Bloomberg Law
April 1, 2021, 10:07 PM

Winston, Zuckerman Lead Baseball Union’s Top Legal Billers

Brian Baxter
Brian Baxter

Major League Baseball’s Opening Day has arrived, along with new disclosures that show the baseball players’ union spent the most money on two law firms last year amid an abbreviated season, Winston & Strawn and Zuckerman Spaeder.

The Major League Baseball Players Association paid nearly $2 million to more than a dozen lawyers and law firms in 2020 for their labor and legal expertise, according to its most recent financial statement filed Wednesday with the Labor Department. Winston & Strawn and Zuckerman Spaeder received about one-third of that sum.

The firms were drafted in a difficult year for the sport. Covid-19 forced the minor league season to be canceled and led MLB to start play more than three months later than usual, with few or no fans allowed to attend games.

The league—commissioner, Robert Manfred Jr., is a former labor litigator at Morgan, Lewis & Bockius—will see its labor deal with players expire Dec. 1.

Anthony Clark, a former player who serves as executive director of the MLBPA, said in an interview with The Washington Post last week that he expects the union to begin talks this month with management on a new collective bargaining agreement.

Clark was paid nearly $2.3 million last year by the MLBPA, per an annual filing covering the period between Jan. 1 and Dec. 31, 2020.

Heavy Hitters

Last year, the New York-based MLBPA turned largely to Winston, Sidley Austin, San Francisco’s Altshuler Berzon, Washington’s Bredhoff & Kaiser, as well as immigration law expert Ira Kurzban of Coral Gables, Fla.-based Kurzban Kurzban Tetzeli & Pratt as outside counsel. The firms helped the union negotiate a start to the abridged 2020 season with the league, advised by Proskauer Rose.

Winston, whose co-executive chairman Jeffrey Kessler is a frequent advocate for athlete interests, was paid more than $386,100 by the MLBPA last year. The union also paid about $120,400 to Sidley. The sums are an increase over what both firms took home from the MLBPA in 2019, disclosures that were delayed until last summer after the Labor Department extended filing deadlines due to the pandemic.

The MLBPA also paid over $18,500 to Kurzban’s firm, while Bredhoff & Kaiser received $54,300 last year for its services. Altshuler Berzon, which has long handled litigation work on behalf of the union and its players, was paid roughly $211,500.

A separate disclosure filed Feb. 16 by the Major League Baseball Umpires Association shows that it also paid $471,400 to Altshuler Berzon in 2020. MLB umpires took a 30% pay cut last year as a result of the truncated season.

Zuckerman Spaeder, which has its own sports agency arm that represents MLB players, is listed in the MLBPA’s filing as receiving $223,800 last year for salary arbitration work. Jay Reisinger, a Pittsburgh-based litigator who has represented some of baseball’s most prominent players, was paid $167,300.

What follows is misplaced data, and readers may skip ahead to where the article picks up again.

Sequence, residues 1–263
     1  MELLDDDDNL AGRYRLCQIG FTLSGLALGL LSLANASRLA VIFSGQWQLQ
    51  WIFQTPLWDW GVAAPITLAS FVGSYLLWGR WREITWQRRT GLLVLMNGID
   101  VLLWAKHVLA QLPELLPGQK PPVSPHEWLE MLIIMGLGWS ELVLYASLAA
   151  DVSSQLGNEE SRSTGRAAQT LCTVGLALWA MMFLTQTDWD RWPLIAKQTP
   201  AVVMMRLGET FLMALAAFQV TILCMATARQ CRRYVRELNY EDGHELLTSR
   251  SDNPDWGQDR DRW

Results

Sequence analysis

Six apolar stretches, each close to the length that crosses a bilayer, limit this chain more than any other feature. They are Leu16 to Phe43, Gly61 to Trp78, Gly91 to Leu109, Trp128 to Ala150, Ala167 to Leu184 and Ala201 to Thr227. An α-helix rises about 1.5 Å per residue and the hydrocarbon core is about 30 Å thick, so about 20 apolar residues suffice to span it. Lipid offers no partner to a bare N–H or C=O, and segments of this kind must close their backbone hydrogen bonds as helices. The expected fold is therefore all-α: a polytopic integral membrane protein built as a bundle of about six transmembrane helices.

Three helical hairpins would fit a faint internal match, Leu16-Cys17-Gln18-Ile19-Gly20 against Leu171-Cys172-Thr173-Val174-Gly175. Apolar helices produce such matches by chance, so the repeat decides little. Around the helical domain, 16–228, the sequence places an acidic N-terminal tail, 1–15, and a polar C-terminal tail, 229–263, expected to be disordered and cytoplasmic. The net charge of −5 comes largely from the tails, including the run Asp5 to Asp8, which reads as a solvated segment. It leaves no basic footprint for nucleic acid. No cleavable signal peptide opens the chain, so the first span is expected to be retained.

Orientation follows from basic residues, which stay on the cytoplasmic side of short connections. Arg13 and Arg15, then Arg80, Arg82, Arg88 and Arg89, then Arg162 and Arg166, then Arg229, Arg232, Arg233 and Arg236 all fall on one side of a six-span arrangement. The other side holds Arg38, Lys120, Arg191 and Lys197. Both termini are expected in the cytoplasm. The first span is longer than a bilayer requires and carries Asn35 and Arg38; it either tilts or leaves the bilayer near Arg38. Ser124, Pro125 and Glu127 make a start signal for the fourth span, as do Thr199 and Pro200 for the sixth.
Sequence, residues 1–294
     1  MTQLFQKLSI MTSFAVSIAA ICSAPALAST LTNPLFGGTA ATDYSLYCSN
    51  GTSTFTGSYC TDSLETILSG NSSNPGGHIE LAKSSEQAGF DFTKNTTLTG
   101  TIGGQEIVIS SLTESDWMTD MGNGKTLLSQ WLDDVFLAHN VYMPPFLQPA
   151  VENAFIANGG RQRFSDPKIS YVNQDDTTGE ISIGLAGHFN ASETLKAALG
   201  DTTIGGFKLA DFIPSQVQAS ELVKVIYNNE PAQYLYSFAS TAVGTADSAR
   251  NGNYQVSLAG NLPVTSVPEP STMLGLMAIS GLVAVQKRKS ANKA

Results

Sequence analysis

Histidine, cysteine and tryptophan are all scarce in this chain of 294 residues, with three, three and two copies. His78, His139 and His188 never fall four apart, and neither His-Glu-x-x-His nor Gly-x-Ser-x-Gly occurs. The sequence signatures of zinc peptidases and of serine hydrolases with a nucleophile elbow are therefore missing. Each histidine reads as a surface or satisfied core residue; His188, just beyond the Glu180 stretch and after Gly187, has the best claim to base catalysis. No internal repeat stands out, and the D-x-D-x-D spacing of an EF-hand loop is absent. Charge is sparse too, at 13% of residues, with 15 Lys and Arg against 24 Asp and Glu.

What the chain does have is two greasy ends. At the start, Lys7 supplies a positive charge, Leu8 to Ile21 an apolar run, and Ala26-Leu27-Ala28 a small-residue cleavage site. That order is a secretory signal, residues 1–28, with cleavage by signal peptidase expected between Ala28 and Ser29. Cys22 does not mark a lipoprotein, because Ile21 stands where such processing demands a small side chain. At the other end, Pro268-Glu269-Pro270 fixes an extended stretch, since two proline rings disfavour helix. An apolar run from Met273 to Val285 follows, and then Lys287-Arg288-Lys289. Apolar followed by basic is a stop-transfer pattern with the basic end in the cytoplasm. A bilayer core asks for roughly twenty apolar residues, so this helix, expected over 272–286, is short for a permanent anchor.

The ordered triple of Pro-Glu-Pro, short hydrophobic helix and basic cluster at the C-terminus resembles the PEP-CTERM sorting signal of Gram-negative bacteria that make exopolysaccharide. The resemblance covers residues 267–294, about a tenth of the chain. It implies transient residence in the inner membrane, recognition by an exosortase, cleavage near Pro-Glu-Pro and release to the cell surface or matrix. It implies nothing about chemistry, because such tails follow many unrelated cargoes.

Other firms on the union’s payroll last year include Jeff Fannell & Associates, a Bordentown, N.J.-based firm led by a former MLBPA in-house lawyer that was paid $216,500, as well as Boston-based Hemenway & Barnes ($88,600) and New York-based labor firm Cohen, Weiss and Simon ($74,200).

Margolin Neuner, a Hackettstown, N.J.-based firm whose founding partner Diane Margolin is the widow of former MLBPA leader Michael Weiner, was paid $65,200. Weiner, a former union legal chief, died at 51 in 2013 after battling brain cancer.

White & Case; Washington’s Groom Law Group; Houston-based Berg & Androphy; Delaware’s Parkowski Guerke Swayze; and Faegre Drinker Biddle & Reath all received between $10,000 and $20,000 last year. Elevate Government Affairs LLC, a Washington-based lobbying firm, was paid almost $88,000.

Big Business

The MLBPA’s latest financial statement also details how much its in-house legal team earned in 2020.

Bruce Meyer, a former longtime labor litigation partner at Weil, Gotshal & Manges in New York hired by the MLBPA in 2018 to be its senior director for collective bargaining and legal, earned more than $1 million in total compensation. Meyer took the lead last year for the union in its negotiations with the league over Covid-19 protocols and pandemic player pay cuts.

Ian Penny, the union’s general counsel, was paid $699,000. The MLBPA employs about a half-dozen other in-house lawyers. Bloomberg Law reported in March on the MLBPA’s for-profit business arm hiring two new lawyers—a former minor leaguer and the nephew of pop icon Mariah Carey—ahead of Opening Day.

The MLBPA and its National Football League counterpart reached a deal in late 2019 with private equity firm RedBird Capital Partners LLC to form OneTeam Partners LLC, a marketing and investment firm that now controls the licensing rights to players in both leagues. OneTeam, which last year hired former MLBPA lawyer Timothy Slavin as its chief legal officer, received over $31.3 million from the union in 2020.

Louis Melendez, an attorney and former vice president of baseball operations and senior adviser to MLB’s commissioner, was paid more than $136,500 to consult for the union last year on arbitration and international play issues.

To contact the reporter on this story: Brian Baxter in New York at

To contact the editors responsible for this story: Chris Opfer at
Rebekah Mintzer at